Matthew Benesch is in his final year of the MD/PhD program, having completed his PhD in 2015 in Dr. David Brindley’s lab in Biochemistry and Dr. Todd McMullen’s lab in General Surgery at the University of Alberta.
His research interests include discovering biomarkers that are predictive of cancer therapy resistance and in turn targeting these markers to improve cancer therapy efficacy. One such marker is autotaxin, an ecto-enzyme that produces a lipid called lysophosphatidate.
This lipid is a pro-inflammatory molecule involved in wound healing responses, but its over production is associated with chronic disease progression like arthritis, as well as cancer tumor progression and treatment resistance.
Matthew has worked extensively with novel in vivo inhibitors against autotaxin through multinational collaborations. Autotaxin inhibitors have recently entered human clinical trials as a new class of anti-inflammatories with potential to become cancer chemotherapy and radiotherapy adjuncts.
Previously, Matthew earned an Honors B.Sc. Biochemistry degree from the University of Alberta. Some of his awards include the Governor General’s Gold Medal (2015), the AsTech Leaders of Tomorrow Award (2014), the AIHS MD/PhD Scholarship (2013), the Izaak Walton Killiam Memorial Scholarship (2013), and the Vanier Canada Graduate Scholarship (2012). Matthew is planning to pursue a surgical residency in Fall 2017.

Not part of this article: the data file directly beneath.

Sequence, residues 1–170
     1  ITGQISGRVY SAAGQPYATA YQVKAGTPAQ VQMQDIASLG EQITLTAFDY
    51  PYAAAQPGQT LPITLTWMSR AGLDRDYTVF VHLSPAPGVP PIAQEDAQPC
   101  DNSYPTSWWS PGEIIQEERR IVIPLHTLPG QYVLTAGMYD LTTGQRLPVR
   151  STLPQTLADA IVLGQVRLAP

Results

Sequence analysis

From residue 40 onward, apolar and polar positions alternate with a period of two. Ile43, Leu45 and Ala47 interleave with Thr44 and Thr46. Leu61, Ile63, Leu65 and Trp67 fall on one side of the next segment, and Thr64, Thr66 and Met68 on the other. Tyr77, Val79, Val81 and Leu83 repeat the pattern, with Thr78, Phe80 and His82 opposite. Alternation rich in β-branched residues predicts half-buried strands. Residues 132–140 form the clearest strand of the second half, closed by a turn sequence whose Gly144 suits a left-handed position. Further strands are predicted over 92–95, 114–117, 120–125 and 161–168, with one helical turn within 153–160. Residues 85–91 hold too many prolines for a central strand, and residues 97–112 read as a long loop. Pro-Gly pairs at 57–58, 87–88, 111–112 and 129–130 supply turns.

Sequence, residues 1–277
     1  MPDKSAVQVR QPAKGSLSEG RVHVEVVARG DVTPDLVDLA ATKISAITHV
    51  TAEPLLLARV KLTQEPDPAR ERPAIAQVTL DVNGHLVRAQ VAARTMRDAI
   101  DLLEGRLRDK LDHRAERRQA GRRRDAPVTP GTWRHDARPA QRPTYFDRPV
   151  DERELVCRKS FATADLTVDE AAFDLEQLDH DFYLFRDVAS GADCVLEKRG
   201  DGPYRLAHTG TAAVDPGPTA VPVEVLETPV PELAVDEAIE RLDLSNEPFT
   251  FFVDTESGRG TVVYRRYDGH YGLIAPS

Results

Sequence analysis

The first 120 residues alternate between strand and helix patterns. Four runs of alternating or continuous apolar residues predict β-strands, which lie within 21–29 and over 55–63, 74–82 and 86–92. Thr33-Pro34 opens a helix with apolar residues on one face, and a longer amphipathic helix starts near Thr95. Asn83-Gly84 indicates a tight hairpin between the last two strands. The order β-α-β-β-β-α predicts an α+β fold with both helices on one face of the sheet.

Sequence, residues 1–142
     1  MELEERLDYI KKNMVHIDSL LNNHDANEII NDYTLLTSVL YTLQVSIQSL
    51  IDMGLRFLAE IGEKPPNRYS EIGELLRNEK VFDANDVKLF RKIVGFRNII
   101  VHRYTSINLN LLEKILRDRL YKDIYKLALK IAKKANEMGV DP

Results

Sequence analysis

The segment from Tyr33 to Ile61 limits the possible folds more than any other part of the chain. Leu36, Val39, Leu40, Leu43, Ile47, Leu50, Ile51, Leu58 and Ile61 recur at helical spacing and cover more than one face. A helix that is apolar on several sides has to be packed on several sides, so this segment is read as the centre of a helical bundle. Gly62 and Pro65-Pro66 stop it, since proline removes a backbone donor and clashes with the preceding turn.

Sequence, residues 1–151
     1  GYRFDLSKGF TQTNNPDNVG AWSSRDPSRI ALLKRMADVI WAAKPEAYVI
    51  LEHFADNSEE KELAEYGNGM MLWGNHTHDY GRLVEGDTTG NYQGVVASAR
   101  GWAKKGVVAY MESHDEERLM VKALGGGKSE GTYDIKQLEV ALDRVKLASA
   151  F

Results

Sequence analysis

His publications include:
Benesch MGK, Tang X, Dewald J, Dong WF, Mackey JR, McMullen TPW, Brindley DN. (2015) Tumor-induced inflammation in mammary adipose tissue stimulates a vicious cycle of autotaxin expression and breast tumor progression. FASEB J. 29, 3990-4000.
Benesch MGK, Ko YM, Tang X, Dewald J, Lopez-Campistrous A, Zhao YY, Lai R, Curtis JM, Brindley DN, McMullen TPW. (2015) Autotaxin is an inflammatory mediator and therapeutic target in thyroid cancer. Endocr. Relat. Cancer 22, 593-607.
Benesch MGK, Tang X, Maeda T, Ohhata A, Zhao Y, Kok BPC, Dewald J, Hitt M, Curtis JM, McMullen TPW, Brindley DN. (2014) Inhibition of autotaxin delays breast tumor growth and lung metastasis in mice. FASEB J. 28, 2655-2666.
Benesch MGK, Ko YM, Tang X, McMullen TPW, Brindley DN. (2014) Autotaxin in the crosshairs: Taking aim at cancer and other inflammatory conditions. FEBS Letters 588, 2712-2727.